In places like North Texas, using the phrase “fell out of the sky” gets quite the workout. Several years back, I talked to a gentleman who worked for an aquarium maintenance company who was klonked on the head by a hatchling turtle apparently dropped by a passing seagull. (Yes, we have seagulls from time to time. For inexplicable reasons, they tend to congregate in Target parking lots at random times of the year.) I knew someone in my teen years who had a great horned owl lose its grip on a gigantic skunk and drop the skunk carcass into her convertible. We get fauna, flora, minerals, and occasional pieces of space junk that drop through the area, and this doesn’t always involve tornadoes or high explosives. I finally experienced this myself when I stopped after a bike ride home from the Day Job and found this beast stuck to my shirt.
For the record, this is the caterpillar form of the tobacco hornworm moth, Manduca sexta. Technically, it’s distinguished from its cousin the tomato hornworm (Manduca quinquemaculata) by the number of stripes on the side of the body (M. sexta has seven on each side, while M. quinquemaculata has eight), but they’re indistinguishable from each other in one respect: both feed on plants within the Solanaceae, which includes tobacco, nightshade, potatoes, tomatoes, and Capsicum peppers, and rapidly strip tomato plants down to the thickest stems.
I have to admit that I’m ambivalent toward tobacco and tomato hornworms for several reasons. Firstly, the adult hawkmoths fill the same niche for night-blooming flowers that hummingbirds fill during the day, and at dusk, the moths can be mistaken for hummingbirds. Not only do the hawmoths hover and fly backwards, but they have a tremendously long tongue for feeding on the nectar in deep flowers such as angel trumpets (Datura stramonium) and moonflowers (Ipomoea alba). Plant a stand of either, and the hawkmoths keep showing up for as long as the flowers keep opening. They also tend to frequent my Sarracenia pitcher plants during full moons, carefully extracting nectar along the lid and throat of every pitcher if given a chance. They even steal nectar from hummingbird feeders if given half a chance.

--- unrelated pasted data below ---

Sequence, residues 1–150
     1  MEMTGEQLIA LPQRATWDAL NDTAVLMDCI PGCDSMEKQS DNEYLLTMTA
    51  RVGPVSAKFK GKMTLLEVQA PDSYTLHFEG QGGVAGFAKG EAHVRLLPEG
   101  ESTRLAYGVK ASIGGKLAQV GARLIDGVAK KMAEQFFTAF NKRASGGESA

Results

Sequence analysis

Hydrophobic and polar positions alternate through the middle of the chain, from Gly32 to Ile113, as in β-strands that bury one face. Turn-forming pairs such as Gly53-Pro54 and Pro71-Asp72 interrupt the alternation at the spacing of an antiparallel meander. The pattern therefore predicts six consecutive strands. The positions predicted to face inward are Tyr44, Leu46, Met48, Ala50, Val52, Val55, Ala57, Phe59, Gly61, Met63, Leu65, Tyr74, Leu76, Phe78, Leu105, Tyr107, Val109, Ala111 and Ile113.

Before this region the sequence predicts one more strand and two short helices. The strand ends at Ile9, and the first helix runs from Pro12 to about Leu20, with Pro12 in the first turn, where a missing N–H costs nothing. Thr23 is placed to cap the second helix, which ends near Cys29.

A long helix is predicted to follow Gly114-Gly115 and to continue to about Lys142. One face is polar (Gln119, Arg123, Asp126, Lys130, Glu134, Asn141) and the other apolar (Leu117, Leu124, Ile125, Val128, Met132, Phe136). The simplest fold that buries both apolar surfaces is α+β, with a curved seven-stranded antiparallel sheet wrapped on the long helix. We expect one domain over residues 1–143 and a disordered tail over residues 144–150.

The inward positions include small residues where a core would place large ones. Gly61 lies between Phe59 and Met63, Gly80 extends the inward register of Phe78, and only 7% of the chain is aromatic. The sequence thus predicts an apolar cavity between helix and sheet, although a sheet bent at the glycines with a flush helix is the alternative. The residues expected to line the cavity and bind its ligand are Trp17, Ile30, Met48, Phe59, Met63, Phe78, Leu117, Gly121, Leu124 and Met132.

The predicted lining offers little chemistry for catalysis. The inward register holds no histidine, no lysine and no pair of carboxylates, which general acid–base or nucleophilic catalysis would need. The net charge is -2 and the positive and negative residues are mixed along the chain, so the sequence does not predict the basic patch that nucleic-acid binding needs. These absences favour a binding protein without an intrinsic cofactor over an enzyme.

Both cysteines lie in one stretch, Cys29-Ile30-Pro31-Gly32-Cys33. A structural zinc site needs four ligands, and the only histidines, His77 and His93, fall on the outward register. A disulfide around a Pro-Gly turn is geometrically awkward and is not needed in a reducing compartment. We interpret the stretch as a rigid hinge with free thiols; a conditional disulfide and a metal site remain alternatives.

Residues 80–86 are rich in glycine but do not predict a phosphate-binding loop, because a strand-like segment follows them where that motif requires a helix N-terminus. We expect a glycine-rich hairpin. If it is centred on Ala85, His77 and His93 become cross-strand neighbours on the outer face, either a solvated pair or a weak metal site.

The other reason I’m ambivalent about the damage they cause is that these are also common hosts for several species of exoparasitic wasps in the area. In every case, the adult wasp lays its eggs deep within the caterpillar’s body, where the wasp larvae grow along with the caterpillar. With one species, the larvae emerge from the body and form cocoons that remain attached to the caterpillar’s body, looking like little spools of glass wool; when the wasps emerge from their cocoons, the caterpillar dies. Another simply rips free from the caterpillar, a la the film Alien, and pupates elsewhere. The real surprise, though, is one species where one to two undeveloped larvae remain within the caterpillar’s body while the others pupate, forcing the caterpillar to remain in the vicinity and protect the wasp cocoons until they emerge or it dies of starvation. Either way, the caterpillar goes out in a rather nasty fashion, but that also gives a chance to its brethren to grow to full size, bury themselves in the soil to form a very distinctive pupa with a long pitcherlike “handle” for the tongue, and then emerge as adults in spring.
In this case, since it wasn’t going to be part of an extended photoshoot and it wasn’t an immediate pest, this one went out onto the Datura plants in my back yard. With a bit of luck, it might come back next year to feed on next year’s flowers. And so it goes.